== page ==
I seriously don’t know where to start and now that I’ve started, I’m not quite sure if I’ll ever stop writing about how amazing Japan is.
Unlike the majority of the people I know, Japan wasn’t on my list of top 5 places to visit. Please do not judge me, let me continue. So when I told my brother that I’d be travelling to Japan with Tim, his response was hilarious, he said “WHAT? You don’t deserve to go there. You do not even appreciate the culture.” I thought to myself ‘I did watch few Japanese anime and movies and also love their cuisine but yes he is right. I’m not a Japanese fanatic like most of the people but I must discover.’ Little did I know that I would leave my heart in Japan.
Anyway I know what I listed wasn’t sufficient enough for a person like me to travel to Japan. I did list Japan on my bucket list and particularly having a picture under a cherry blossom tree. SO TICK THAT. Anyway I’m not here to tell you about what is on my bucket list or anything lousy like that but I’m here to tell you how Japan had an impact on me and by far, it is the best place I ever visited.
On 24th March 2017 was the day we landed in Narita Airport, I’ve travelled as a Palestinian refugee holding a hand written passport that’s printed in French and Arabic. The guy at the immigration counter was amazed and couldn’t speak English. I stood there for almost an hour explaining to the immigration officer that I’m a Palestinian Refugee and my travel document was issued in Lebanon but I reside in Dubai and yes, I’m half Filipino. That made matters much more complicated. Finally, they scanned my visa and apologised for wasting my time. I said there was no need to apologise and I thanked them for trying so hard. I instantly thought to myself ‘OH MY GOD.!!!IMMIGRATION APOLOGISING’ that really doesn’t happen and I bowed and continued walking.
Tim and I got to the train station and were trying to navigate our way, I kept looking around with an astonished face because all the signs are written only in Japanese. Gosh, I’ve never felt so helpless abroad. After walking around, Tim managed to find the ticketing counter and the lady behind the desk had the most heart-warming smile and assisted us with our journey. And at that moment, I knew I’d love Japan.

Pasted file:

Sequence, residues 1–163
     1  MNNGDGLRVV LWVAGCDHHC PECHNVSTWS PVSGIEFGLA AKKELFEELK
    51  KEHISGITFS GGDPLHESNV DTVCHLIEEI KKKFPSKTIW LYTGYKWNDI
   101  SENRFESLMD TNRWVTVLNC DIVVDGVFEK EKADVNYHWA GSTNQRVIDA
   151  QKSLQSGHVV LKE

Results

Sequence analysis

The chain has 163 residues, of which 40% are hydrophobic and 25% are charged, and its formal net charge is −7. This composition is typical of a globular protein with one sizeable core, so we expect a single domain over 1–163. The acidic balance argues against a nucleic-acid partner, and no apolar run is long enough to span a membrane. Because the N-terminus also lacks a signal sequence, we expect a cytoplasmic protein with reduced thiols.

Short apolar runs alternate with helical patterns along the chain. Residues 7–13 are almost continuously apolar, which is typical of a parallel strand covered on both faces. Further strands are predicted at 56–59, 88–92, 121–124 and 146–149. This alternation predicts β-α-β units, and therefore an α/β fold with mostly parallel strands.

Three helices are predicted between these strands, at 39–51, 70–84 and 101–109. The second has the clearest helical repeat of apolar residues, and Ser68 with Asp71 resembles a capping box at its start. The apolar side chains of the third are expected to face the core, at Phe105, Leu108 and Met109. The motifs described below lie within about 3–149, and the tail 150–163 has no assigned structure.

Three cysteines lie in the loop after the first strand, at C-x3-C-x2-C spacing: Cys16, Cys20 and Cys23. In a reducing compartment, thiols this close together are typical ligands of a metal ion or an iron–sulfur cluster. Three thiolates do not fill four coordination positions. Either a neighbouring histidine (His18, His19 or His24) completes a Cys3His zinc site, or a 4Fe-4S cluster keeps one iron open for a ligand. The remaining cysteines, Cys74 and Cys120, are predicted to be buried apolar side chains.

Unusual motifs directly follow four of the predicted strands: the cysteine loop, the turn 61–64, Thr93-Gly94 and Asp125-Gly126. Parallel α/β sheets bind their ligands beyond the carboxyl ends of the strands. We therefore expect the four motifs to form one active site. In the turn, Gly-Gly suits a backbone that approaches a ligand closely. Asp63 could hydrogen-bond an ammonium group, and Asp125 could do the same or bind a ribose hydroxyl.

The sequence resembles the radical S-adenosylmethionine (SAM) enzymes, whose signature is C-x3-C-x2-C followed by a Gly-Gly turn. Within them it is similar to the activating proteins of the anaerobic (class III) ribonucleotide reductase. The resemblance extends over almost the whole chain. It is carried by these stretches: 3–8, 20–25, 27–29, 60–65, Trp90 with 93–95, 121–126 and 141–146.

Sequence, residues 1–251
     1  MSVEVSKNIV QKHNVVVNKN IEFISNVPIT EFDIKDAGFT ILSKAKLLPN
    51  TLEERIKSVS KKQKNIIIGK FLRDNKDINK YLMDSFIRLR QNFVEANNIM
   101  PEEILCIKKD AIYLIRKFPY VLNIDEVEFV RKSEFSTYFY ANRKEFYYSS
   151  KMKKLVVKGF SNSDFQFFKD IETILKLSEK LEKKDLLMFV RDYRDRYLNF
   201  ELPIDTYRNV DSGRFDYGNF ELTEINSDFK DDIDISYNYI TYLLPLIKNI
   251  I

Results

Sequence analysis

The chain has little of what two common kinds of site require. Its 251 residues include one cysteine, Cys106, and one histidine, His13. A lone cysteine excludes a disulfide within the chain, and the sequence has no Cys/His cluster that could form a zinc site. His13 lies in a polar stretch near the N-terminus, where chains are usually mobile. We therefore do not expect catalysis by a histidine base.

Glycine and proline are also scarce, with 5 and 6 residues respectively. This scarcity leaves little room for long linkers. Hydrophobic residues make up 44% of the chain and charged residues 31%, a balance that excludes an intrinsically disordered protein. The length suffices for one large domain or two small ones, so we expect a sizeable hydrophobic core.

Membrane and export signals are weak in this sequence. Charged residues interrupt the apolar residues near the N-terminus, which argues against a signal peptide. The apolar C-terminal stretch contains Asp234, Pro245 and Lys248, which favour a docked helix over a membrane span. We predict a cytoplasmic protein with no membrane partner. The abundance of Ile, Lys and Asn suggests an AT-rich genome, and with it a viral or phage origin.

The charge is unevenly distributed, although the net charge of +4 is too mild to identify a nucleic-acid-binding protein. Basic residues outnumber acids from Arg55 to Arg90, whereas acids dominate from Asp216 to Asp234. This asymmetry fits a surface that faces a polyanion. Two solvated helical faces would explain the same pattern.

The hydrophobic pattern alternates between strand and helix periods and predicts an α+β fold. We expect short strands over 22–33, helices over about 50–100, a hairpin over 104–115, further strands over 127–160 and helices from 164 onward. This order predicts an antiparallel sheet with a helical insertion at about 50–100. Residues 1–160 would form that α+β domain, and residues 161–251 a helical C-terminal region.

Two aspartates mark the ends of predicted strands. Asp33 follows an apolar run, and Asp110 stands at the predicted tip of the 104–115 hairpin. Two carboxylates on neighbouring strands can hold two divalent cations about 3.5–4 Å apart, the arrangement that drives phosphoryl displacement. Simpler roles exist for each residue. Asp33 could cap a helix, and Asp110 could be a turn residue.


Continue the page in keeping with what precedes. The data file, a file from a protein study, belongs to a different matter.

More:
Our travel to Japan consisted of staying at reliable hostels, eating at local restaurants, learning & embracing the culture, meeting new people and enjoying the nature. All of those things that I’ve listed affected me physically and emotionally but mainly mentally.
There were days Tim and I would just sit on a bench and just observe the people walk by. I cannot describe enough on how amazingly Japanese people are respectful. That word ‘respectful’ is also underrated. I’ve never encountered such graciousness and such mannerism and without even realising it, I unconsciously began to act and speak gently. Although the majority do not speak English, they will do their level best to help out. I still remember the pharmacist who held my hand because I was crying from the pain and she assisted us till we found the right medicine. She got a booklet with pictures and I just had to nod yes or no so she could give the right prescription. Other locals made an effort to help us find our way when we got lost. Those little act of kindness to a stranger proves that humanity still exists in this harsh world.
I will post about the itinerary and places we’ve visited on a separate blog post. Tim and I visited 2 major cities; Kyoto and Tokyo. They are completely opposite and not comparable what soever, each city is unique in its own way. I personally enjoyed my stay in Kyoto and loved every single thing about it.
I see myself living there, waking up early in the morning, riding my bike and eating Japanese food and enjoying the moment. I love the simplicity of their lifestyle especially in Kyoto. Speaking of Japanese food, everything over there is healthy or offered in healthy portions. Japanese people are health freaks and all the drinks especially in the vending machine are without sugar. Being Fat is illegal. Everyone maintains their weight and are in good shape.
I’m sure you are still wondering how Japan affected me; well besides eating healthy and walking everywhere. I enjoyed the nature and fell in love with the Bamboo Forrest. Breathing fresh air everyday helped my lungs. Japan’s nature makes you feel calmness and serenity. The past doesn’t matter to them and they live the present for a productive future and to keep their legacy for the next generation.
Arigato Japan for letting me get to know you.
Till we meet again